If your child has obsessive play tendencies or behaviours, you could use these behaviours as a reward. For example, encourage the child to push the car to you and then reward him with the obsessive toy or item. If your child is able to understand visual timetables, you can use these to show what is going to happen and when he can expect the reward.
Interpreting body language is important for successful interaction with other people. It is an important part of non-verbal communication. You can encourage awareness of body language by:
- Exaggerating your own body language. For example, emphasise slouching when telling your child you are tired, or emphasise fidgeting when saying you are bored.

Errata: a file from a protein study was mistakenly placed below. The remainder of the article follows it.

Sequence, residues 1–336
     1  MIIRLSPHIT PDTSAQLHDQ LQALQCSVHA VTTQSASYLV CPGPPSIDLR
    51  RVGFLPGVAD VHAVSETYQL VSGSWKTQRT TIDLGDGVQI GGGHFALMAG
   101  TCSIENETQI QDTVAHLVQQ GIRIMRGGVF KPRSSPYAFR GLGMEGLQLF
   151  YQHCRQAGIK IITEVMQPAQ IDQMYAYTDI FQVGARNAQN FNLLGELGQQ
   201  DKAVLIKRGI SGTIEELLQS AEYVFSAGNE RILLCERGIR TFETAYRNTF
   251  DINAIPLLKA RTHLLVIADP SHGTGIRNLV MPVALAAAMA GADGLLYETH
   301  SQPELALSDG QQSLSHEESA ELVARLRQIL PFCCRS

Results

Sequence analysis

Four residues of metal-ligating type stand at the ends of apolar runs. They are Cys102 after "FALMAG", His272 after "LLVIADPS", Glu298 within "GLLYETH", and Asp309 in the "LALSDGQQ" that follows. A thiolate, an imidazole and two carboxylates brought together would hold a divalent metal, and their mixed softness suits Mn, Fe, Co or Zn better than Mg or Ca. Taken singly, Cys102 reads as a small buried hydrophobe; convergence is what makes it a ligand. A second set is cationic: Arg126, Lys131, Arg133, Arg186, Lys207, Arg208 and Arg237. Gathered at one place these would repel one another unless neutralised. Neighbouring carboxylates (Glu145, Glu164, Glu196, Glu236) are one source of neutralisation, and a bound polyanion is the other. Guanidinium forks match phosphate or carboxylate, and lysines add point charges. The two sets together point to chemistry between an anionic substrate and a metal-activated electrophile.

- Watch other people’s body language with your child. For example, when out and about, or watching a favourite TV programme. Pause when there is an obvious body language displayed, and see if your child can identify it by saying, signing or selecting a picture card.
- Make a body language picture book, using photographs of your child or familiar people. Create the book together, and talk about how people use body language to express their feelings.
- Role play.
- Use social stories for different types of body language.
We will be adding information about emotions (in relation to body language) and social skills to this web page in the near future.